Seth Glier w/ special guest Matt Nakoa

Seth Glier w/ special guest Matt Nakoa

Matt Nakoa

Fri · November 2, 2018

Doors: 7:00 pm / Show: 8:00 pm

$15.00 - $26.00

Seth Glier
Seth Glier
Seth Glier’s new album Birds is steeped in conflict and contradictions. There’s grief and loss, but also strength and resilience; doubt and dismay, but also a sense of optimism as Glier confronts heavy topics and wrestles them into the daylight.

Glier (pronounced “Gleer”) recorded Birds in an airy loft in western Massachusetts outfitted with a grand piano and floor-to-ceiling windows. Birds roost just outside those windows, on the roof of the converted mill building where he lives, and they became his sympathetic audience while Glier made the album. “I felt a tremendous amount of comfort talking to the Birds,” he says “I’d check in with them regularly to see how they thought things were going so far.”

Birds is Glier’s fifth album, and the latest entry in a burgeoning career that has included a Grammy nomination and a pair of Independent Music Awards while touring with artists including Ani DiFranco and Ryan Adams.

The songs on Birds range from personal to political, and are bound together by the awareness that our world is a fragile place that is all the more magical for it. Glier makes that point on a large scale with “Water on Fire,” a terse, grinding tune that opens with a cynical reworking of a Ray Charles lyric as Glier uses fracking to dig into the false equivalence between freedom and capitalism. “Hasn’t Hit Me Yet” has a more visceral, intimate approach: the soulful slow jam, full of warm guitars and multi-tracked vocals, is about the death of Glier’s autistic brother.

Together, those songs represent the opposite poles of Birds. “I was really trying to explore connections on this record,” Glier says. Among those connections is the one between race and the criminal justice system on “Justice for All,” a raw chain-gang stomp that sounds almost like an old field recording. “Like I Do” takes a more oblique tack, drawing out feelings of anger through the use of noisy synthesizers and fuzzed-out bass pads.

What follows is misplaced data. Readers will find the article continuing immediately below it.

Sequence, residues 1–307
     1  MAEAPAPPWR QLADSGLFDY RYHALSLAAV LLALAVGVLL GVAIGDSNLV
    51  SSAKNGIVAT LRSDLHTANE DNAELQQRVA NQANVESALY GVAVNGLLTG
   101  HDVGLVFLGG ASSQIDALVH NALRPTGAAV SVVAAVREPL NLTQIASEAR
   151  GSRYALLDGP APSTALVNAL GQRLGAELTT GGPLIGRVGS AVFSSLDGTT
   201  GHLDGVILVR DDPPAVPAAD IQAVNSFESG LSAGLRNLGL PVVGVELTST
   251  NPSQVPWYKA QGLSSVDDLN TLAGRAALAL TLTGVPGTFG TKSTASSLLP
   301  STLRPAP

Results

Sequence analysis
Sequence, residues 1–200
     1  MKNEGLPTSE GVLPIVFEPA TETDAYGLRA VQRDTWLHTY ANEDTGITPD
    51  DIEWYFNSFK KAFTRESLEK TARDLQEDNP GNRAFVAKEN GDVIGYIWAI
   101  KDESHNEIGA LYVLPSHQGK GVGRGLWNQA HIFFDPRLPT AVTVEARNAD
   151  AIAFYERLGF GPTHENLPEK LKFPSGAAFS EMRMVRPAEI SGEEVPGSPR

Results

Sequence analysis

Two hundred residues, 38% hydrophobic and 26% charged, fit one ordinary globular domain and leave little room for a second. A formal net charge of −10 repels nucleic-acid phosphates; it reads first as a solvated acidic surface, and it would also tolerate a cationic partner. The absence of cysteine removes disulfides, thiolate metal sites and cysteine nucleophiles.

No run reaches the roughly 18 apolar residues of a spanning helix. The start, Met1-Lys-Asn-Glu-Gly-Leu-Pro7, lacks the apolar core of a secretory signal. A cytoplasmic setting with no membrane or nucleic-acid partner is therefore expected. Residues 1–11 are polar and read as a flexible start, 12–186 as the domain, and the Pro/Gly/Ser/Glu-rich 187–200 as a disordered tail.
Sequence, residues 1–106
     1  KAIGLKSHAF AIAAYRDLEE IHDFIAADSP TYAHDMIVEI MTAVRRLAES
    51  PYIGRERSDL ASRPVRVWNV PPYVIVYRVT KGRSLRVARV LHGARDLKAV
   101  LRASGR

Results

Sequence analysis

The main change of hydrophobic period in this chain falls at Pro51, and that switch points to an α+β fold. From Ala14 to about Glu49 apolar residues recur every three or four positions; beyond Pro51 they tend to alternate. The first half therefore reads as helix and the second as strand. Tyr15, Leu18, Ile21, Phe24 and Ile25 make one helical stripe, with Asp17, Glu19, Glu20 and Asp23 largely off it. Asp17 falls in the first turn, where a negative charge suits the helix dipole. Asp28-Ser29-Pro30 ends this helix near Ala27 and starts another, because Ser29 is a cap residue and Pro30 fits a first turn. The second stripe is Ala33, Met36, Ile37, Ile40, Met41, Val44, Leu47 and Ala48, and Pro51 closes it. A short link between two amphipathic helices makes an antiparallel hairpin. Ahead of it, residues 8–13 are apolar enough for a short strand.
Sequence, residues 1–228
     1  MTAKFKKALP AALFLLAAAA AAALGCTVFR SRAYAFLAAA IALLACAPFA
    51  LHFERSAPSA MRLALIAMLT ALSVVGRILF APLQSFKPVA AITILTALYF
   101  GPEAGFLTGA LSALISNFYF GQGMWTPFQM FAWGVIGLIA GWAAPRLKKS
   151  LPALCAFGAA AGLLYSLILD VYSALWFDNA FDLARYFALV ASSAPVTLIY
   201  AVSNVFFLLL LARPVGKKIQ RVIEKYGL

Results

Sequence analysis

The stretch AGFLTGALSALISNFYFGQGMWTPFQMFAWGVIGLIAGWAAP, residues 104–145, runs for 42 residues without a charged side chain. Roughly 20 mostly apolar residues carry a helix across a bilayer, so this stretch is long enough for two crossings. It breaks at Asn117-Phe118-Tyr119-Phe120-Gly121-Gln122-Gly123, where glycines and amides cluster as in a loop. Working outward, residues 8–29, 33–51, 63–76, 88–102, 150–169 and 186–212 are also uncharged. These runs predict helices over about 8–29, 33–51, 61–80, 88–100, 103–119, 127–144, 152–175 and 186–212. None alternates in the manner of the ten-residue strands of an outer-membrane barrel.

The songs on Birds reflect a scope of sound and style: the title track is lush and & orchestral, for example, while “Too Much Water” pairs Glier’s voice and piano with subtle accompaniment from horns, for a classic, elegant feel that calls to mind Harry Nilsson in the early ’70s. “People Like Us” is jaunty and up-tempo, while the trebly guitar arpeggios and moaning saxophone on “Just Because I Can” sound like a sock-hop slow dance, until you zero in on lyrics delivered by a narrator who dynamites his domestic bliss simply for the power trip. Conflict. Contradiction.

Even the cover tune, a reimagined version of Buffalo Springfield’s “For What It’s Worth,” evokes urgency. “Although it was written 50 years ago, it’s still about what’s happening right now,” Glier says.

Birds began taking shape after Glier lost his brother, Jamie, who died in October 2015, and inspired a TED Talk performance that Glier gave in 2016. “My brother passing away was a huge component of where I was and what I was looking for,” Glier says. “In particular, I was looking for meanings, wanting his life to mean more than just being over.”

For a long time afterward, Glier passed the time by writing songs and inspecting each melody with the feathered fellows by his windowsill. Instead of recording the album in a Los Angeles studio, as he did on his 2015 album If I Could Change One Thing, he decided to make Birds at home.

“I thought that I should just stay close to the windows here,” Glier says. “I think this sort of happened by accident, but by the time I started recording the record, it was fall in New England, which is a profoundly beautiful death. The air is full of honesty, the sky is full of geese, and there is bright gorgeousness woven into the dying of things. It all seeped into the textures of this record.”
Matt Nakoa
MATT NAKOA grew up on a small goat farm in Smyrna, NY and began composing music as a teenager. Following a formative stint as a classical pianist, Matt won scholarship to attend Berklee College of Music in Boston. There he studied alongside soon-to-be Grammy winners St. Vincent and Esperanza Spaulding among others. After college, Matt toured with his band, The Fens, and eventually landed in New York City’s vibrant piano bar scene. Matt quickly became a star performer at Manhattan’s Brandy’s Piano Bar, with lines outside the door each Saturday night.

Matt’s first solo album, Light In The Dark (2012), is an eclectic pop opus. In contrast, A Dozen Other Loves (2014), explores a simple acoustic palette. This intimate collection has earned many songwriting awards, including a win at Kerrville Folk Festival’s prestigious New Folk Competition. Additionally, Matt’s piano music has received favorable reviews in publications including The New York Times, and his film scoring has been featured by Disney. Matt now tours internationally, recently performing at The White House, throughout India, and regularly with folk music icon Tom Rush.
Venue Information:
Hawks & Reed Performing Arts Center
289 Main St
Greenfield, MA, 01301
https://www.hawksandreed.com/